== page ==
How to Grow Nearly Wild Rose - Plant Care & Tips

By NorwichGardener Team   /   2024

Nearly wild rose is a plant that is known for its beauty. The plant is native to North America and has been used in many different cultures for its medicinal and cosmetic properties. The plant has a long history of use in traditional medicine, and its extracts are still used in many commercial products today.

How to Grow Nearly Wild Rose - Plant Care & Tips

Alternative name

  • Dog rose
  • Briar rose
  • Sweet briar
  • Eglantine
  • Hip rose

Common Knowledge

  • Nearly wild rose is a species of rose native to Europe and Asia.
  • The plant has a lengthy flowering period, typically blooming from May to September.
  • The flowers of nearly wild rose are pink or white in color.
  • The plant is tolerant of a wide range of soil types and conditions.
  • Nearly wild rose is relatively pest and disease resistant.
  • The plant can be propagated from seed, cuttings, or divisions.
  • Nearly wild rose is a popular choice for gardens, hedges, and other landscaping applications.
  • The plant is moderately drought tolerant once established.
  • Heavy pruning is necessary to control the plant's size and shape.
  • Nearly wild rose is potentially invasive in some areas.

Growing Steps

  1. For nearly wild rose, first step is to find a good location. You will want to make sure that the location has plenty of sunlight and that the soil is well-drained.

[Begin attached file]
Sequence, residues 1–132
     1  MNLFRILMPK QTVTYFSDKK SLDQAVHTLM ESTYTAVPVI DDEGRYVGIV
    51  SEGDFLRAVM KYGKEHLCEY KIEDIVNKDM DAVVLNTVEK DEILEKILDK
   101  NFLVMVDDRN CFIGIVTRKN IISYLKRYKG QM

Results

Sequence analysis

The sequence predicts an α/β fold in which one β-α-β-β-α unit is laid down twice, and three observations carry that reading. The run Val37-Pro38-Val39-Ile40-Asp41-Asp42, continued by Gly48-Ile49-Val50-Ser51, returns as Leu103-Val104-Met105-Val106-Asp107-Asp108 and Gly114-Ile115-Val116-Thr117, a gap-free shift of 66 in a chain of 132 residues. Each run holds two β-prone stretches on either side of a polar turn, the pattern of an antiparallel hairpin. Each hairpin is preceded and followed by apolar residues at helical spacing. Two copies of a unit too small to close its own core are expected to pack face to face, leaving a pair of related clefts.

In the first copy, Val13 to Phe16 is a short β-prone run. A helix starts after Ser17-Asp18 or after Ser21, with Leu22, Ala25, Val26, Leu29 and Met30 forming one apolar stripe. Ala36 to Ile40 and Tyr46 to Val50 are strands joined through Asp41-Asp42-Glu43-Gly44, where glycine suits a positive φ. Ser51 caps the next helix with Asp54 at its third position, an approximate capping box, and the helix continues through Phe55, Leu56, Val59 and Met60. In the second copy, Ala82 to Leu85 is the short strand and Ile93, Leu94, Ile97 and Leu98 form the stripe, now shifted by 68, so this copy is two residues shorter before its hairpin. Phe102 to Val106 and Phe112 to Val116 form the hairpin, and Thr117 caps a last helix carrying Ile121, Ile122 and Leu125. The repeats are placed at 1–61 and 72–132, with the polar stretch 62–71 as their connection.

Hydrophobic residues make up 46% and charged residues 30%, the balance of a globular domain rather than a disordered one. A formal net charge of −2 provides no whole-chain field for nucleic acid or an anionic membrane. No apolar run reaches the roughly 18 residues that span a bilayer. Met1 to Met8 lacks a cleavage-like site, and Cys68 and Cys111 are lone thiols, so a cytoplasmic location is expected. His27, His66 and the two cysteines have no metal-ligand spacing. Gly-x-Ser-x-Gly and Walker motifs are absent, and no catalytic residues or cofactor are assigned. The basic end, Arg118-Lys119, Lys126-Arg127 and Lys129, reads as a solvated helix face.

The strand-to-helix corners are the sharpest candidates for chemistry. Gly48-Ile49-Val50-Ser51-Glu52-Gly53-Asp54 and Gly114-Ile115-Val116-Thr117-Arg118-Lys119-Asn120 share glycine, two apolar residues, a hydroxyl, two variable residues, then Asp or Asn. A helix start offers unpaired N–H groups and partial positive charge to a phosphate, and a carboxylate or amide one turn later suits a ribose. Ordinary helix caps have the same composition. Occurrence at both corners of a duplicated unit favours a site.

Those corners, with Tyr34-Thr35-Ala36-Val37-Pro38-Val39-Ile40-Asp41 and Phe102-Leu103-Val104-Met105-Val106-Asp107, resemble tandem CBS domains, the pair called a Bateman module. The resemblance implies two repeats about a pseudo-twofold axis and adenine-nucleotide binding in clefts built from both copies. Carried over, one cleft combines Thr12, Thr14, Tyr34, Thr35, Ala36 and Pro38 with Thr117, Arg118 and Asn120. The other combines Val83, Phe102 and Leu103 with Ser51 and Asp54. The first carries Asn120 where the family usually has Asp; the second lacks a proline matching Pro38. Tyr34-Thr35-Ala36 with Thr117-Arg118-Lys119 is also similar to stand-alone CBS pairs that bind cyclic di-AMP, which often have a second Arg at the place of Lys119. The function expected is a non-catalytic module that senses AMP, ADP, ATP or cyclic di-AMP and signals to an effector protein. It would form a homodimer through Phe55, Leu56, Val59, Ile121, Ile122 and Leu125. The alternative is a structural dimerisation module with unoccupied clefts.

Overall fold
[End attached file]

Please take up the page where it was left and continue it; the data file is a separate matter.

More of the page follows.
2. The next step is to prepare the soil. You will want to dig a hole that is about twice the size of the root ball.
  3. After you have prepared the soil, you will want to add some organic matter to it. This can be in the form of compost, manure, or leaves.
  4. Once you have added the organic matter, you will want to mix it in well.
  5. The next step is to plant the nearly wild rose. You will want to dig a hole that is large enough to accommodate the root ball.
  6. After you have planted the rose, you will want to water it well.
  7. The next step is to add a layer of mulch around the plant. This will help to keep the roots cool and moist.
  8. The next step is to fertilize the plant. You will want to use a fertilizer that is high in nitrogen.
  9. The next step is to deadhead the flowers. This means that you will want to remove the spent flowers from the plant.
  10. The final step is to prune the plant. You will want to prune it back to about 12 inches.

Considering the Soil

About soil condition, the soil is deep, very old, and has a lot of organic matter. The topsoil is loose and rich in nutrients, while the subsoil is more compacted. The soil drains well and is slightly acidic.

Light requirement

Just like other wild roses, nearly wild roses require full sun in order to grow and bloom properly. They will also need plenty of room to spread out, as they can become quite large. Be sure to plant them in an area where they will have plenty of space to grow.

The Temperature

The temperature condition is perfect for the nearly wild rose. The rose is able to withstand extreme heat and cold, making it the perfect choice for any climate. The rose is also drought resistant and can thrive in any type of soil.

Ideal Humidity